The use of one stop motion animation and real time film is notible for its time, being top notch for visual effects in the 1930's. There is noticable editing between the animated model and the unanimated puppetised gorilla suit, used for close up shots of King Kong. However, this was back in a time where editing was still a skill in training, and thus the way the shots were arranged together really works harmoniously towards each other.
The acting within the film at some parts becomes somewhat cheesy, however stretches out the fact that a lot of the acting skills being used by the actors within the film were relatively new at the time. One thing I did happen to notice was the political correctness involved. Its amusing to witness the derogative terms used towards black people and women throughout the film, and as the film inevitibly is based around the plot of a female being used as prey, this notion is broad and obvious. The film even implies how mediocre love was viewed back in the early 1900's, where men who strictly stand up for how women get in the way of their working lives and manly indulgences find it aqwuard to admit their feelings towards the opposite sex.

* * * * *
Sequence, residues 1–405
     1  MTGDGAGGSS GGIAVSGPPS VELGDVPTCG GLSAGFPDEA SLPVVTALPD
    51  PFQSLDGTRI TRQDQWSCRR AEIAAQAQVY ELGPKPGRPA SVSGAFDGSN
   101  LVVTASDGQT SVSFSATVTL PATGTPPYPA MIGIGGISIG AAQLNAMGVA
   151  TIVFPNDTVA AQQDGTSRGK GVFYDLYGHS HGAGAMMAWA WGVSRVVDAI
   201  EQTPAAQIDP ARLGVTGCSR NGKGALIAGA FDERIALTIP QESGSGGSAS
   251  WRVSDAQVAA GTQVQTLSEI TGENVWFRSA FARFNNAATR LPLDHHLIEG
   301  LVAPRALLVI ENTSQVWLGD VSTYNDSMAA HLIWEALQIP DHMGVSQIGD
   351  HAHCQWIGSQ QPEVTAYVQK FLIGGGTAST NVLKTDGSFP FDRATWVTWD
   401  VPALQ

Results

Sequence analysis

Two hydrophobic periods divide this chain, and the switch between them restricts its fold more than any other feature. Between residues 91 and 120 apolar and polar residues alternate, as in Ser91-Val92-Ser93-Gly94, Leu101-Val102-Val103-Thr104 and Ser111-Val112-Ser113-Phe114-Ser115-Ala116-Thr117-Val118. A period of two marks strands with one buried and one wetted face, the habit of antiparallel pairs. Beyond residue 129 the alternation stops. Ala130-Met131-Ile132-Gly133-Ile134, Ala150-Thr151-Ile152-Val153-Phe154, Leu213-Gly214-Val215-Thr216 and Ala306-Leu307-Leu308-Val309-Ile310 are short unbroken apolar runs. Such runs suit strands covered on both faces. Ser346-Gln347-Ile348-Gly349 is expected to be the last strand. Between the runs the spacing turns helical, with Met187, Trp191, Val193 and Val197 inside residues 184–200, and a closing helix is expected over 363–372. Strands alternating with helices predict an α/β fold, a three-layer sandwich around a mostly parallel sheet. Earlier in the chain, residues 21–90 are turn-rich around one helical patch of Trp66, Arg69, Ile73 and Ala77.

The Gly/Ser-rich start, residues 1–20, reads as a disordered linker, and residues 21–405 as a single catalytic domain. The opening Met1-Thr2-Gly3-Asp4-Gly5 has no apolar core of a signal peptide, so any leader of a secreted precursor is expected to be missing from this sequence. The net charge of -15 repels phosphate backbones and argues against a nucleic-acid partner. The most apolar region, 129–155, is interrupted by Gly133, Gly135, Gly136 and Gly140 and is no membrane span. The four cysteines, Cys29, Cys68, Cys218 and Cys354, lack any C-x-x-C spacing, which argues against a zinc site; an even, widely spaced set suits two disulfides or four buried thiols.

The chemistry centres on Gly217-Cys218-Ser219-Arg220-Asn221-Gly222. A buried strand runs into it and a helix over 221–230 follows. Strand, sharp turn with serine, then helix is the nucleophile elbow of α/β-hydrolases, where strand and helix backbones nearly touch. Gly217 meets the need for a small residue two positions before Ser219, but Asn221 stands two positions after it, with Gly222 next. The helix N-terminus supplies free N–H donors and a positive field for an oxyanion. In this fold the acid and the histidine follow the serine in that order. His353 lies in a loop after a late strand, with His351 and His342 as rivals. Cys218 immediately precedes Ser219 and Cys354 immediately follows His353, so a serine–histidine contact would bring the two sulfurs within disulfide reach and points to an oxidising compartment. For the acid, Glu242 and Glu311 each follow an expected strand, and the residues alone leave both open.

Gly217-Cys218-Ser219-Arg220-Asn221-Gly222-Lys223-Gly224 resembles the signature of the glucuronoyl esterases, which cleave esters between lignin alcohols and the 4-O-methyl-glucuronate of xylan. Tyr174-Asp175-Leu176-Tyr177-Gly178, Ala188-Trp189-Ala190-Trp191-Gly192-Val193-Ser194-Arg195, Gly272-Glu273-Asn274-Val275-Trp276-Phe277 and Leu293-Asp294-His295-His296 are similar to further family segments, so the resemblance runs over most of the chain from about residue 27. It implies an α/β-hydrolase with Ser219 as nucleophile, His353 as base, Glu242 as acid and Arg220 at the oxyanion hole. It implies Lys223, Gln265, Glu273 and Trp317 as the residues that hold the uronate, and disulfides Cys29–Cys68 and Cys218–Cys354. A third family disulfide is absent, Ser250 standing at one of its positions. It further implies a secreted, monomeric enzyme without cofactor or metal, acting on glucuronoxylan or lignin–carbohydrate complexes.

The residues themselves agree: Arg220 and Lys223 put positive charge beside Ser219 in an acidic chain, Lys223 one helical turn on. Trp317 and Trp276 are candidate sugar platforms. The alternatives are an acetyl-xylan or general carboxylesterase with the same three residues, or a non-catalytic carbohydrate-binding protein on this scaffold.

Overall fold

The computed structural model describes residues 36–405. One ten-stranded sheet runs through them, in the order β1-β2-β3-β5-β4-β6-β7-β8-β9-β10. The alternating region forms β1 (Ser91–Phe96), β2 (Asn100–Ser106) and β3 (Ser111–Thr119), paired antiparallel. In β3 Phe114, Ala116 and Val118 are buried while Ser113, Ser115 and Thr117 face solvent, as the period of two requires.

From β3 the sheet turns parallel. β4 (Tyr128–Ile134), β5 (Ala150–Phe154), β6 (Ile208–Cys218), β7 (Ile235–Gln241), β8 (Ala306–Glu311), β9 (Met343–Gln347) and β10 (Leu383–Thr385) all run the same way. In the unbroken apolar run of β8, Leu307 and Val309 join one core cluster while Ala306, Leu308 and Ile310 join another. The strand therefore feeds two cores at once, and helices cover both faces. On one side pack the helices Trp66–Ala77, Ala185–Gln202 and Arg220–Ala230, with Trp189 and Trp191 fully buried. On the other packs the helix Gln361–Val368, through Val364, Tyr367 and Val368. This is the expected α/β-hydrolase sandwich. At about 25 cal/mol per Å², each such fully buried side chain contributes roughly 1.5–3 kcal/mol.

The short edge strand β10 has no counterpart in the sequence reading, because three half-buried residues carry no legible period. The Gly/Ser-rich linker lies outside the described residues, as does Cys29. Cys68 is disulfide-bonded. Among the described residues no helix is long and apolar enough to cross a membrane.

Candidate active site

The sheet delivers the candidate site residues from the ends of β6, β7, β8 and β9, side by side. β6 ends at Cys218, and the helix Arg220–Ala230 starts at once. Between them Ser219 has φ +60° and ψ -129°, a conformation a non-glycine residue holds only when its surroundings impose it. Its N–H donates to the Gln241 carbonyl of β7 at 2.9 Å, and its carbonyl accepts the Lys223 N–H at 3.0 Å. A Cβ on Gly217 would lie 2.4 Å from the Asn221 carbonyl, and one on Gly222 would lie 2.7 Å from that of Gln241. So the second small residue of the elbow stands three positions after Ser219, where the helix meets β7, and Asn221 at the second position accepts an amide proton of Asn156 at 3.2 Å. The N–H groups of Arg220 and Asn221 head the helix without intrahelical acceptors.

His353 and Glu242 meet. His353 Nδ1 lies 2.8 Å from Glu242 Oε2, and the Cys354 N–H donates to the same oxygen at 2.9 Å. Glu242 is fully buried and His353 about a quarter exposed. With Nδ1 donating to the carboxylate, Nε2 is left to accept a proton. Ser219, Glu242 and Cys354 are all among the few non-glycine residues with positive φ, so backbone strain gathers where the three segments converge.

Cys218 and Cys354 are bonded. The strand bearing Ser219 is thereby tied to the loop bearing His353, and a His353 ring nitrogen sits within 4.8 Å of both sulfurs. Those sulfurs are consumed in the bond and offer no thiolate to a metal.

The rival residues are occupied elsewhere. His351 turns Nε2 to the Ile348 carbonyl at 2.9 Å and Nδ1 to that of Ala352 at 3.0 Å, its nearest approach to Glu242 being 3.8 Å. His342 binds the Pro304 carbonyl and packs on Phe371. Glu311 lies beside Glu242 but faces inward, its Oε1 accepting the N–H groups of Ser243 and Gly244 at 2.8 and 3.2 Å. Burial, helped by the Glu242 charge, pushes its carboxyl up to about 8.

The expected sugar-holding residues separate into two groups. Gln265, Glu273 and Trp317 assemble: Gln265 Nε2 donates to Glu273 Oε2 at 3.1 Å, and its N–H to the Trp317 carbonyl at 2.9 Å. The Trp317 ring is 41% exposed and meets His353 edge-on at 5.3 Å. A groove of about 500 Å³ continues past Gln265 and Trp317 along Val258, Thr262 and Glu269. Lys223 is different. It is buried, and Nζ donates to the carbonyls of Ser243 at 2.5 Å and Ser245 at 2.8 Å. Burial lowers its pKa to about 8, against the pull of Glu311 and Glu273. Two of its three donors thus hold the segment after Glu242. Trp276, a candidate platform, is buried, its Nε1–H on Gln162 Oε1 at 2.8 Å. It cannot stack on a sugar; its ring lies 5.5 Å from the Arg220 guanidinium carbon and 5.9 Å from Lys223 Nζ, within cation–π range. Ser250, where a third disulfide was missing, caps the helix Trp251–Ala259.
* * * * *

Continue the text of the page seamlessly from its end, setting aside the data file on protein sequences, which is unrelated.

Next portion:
I did notice also that when King Kong is shot and holds his bleeding breast, he picks up Fay Wrays character and when placing her back down she is perfectly clean. Perhaps, even in such derogatory times the sight of blood and nutidy are to be kept at a far more unexplicit basis.
A great film which, in turn, inspired many other "monster in a big city" style epic movies of comparible nature.
The remake is truely a mere homage to the original, however the ending is over expressed due to us having more tools to be tempted to indulge in with special effects.